37 years after it's invention, Microsoft Word is still the go-to for most text-based documentation in the majority of businesses and organizations. This year alone, billions of Word docs will be written and circulated by ordinary (no offense!) office workers like you and me. That said, despite decades of practice and an increasingly image-savvy user base–thanks smartphones!–so many of us still struggle to put together a killer doc that harnesses the right visuals, fonts and design practices to enhance our work and help get our message across.
In this post, we'll walk you through some common mistakes to avoid and a few simple ways you can turn your newsletters, meeting notes, memos and more into something people really understand and remember–and want to read in the first place.
So you think you've created a compelling document and you're ready to hit the send button. Before you do, please pause for a second and ask yourself:
Is it easy to read and understand?
It's surprisingly common to overlook such a key design decision as which typeface to use.
Traditional knowledge says that serif fonts are easier to read in printed documents while sans-serif fonts are better on the eyes when read on a digital screen. But perhaps even more importantly, using multiple fonts and mixing and matching without intentionality makes our documents look messy and uninviting.
So, whether you choose Arial, Palatino or Helvetica, stick to the same typeface throughout the document and only use a different one for headings, subtitles or specific kinds of text. If you really need to.
We love a splash of color, but unless you're working at a preschool or an art studio, you might want to go easy on the palette and stick to a selected few hues–preferably those chosen by your Brand and Marketing teams.
Tip: if you're trying to use colors to differentiate between different categories, chapters or sections, try using different shades of the same color to keep it coherent without losing the ability to add some variation.
There’s a reason why people make fun of pixel art (hint: it’s not because it’s easy on the eye). Few things are worse in the world of Word than a low-resolution image blown up to a pixelated mass that's unintentionally sending Mario Bros. vibes. Please, for the sake of your colleague’s eyesight and your professional dignity, use better quality images. Thankfully, there's no excuse anymore for not using top quality content. You know where to find us.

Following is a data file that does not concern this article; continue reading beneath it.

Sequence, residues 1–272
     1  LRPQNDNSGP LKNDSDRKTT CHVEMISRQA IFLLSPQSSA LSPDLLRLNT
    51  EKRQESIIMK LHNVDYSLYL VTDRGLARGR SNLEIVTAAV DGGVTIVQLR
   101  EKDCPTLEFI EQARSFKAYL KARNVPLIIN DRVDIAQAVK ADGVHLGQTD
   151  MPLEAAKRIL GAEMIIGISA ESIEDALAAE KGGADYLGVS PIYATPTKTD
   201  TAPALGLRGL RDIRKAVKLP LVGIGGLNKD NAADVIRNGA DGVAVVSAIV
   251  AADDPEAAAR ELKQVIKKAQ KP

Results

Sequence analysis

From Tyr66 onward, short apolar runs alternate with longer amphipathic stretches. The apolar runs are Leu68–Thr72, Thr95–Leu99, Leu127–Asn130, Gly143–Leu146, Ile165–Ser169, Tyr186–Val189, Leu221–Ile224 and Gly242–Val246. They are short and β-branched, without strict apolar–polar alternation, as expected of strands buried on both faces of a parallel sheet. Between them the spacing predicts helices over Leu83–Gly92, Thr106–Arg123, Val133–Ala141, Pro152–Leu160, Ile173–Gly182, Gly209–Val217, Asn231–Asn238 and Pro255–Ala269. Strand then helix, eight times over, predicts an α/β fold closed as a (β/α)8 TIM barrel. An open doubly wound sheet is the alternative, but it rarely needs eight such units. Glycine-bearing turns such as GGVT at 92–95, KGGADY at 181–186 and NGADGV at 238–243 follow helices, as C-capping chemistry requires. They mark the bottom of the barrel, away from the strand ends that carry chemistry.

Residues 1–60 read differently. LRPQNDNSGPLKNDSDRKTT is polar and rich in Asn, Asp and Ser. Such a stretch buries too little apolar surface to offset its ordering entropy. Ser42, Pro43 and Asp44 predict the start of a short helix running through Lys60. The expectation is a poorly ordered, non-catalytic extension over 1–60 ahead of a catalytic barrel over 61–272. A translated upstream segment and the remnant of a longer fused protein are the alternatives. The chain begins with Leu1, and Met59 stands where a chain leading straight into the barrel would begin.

Just, you know, illegal. And kinda stingy. I mean, you want to give those hard-working photographers and artists the credit and compensation they deserve, right? Luckily, Pickit works directly with a vast community of photographers and image providers, so you can be sure that all of our images are both paid for and ready for picking.
Small squiggly stick figures can be cool and all, but the world has moved on. As our screens and lenses have improved, so has our taste–our eyes just aren't accustomed to the kind of content that used to pride the covers of our school bulletins and weekly newsletters at work.
That doesn't mean we should all abandon icons and illustrations, just that we need to be mindful of what kind of content we're turning to. Pickit’s library includes multiple sets of icons to help you get your point across, without freaking anyone out.
Here are a few collections to start with, all found in our Office add-in:
The reasons you've chosen a Word documents and not a PowerPoint presentation is probably that you have a lot of important information to convey, but remember to use a generous amount of white space to strike a healthy balance. Some people make the mistake of thinking more is more, and that cramming every corner of a document full of content makes it look more robust or professional, when in fact, leaving some space around your most important messages actually enhances them and makes them easier to digest and remember.
Take time to revise any wordy sentences or paragraphs and keep it simple. Sometimes less is more. Why not add a line break or two and create some space for your text to breathe?
Proximity relates to the placement of elements in relation to each other. For example, the closer a heading is to the paragraph below, the more it communicates to the reader that the heading and paragraph directly relate to each other. A good use of proximity also makes the reading experience more pleasurable, so keep related elements closer and unrelated elements further apart.
By avoiding these mistakes and taking on a few of the tips, I hope you'll find you can take your docs up a notch or two and better engage with your coworkers in a more inspiring way. Let's face it, if you're going to create the doc in the first place, you might as well make the most of it and make your work stand out.
Use Pickit to help you do all of the above and level up your Word documents today. Install the award-winning Pickit add-in and get unlimited access to licensed photos, icons, clipart and your company’s images in Office.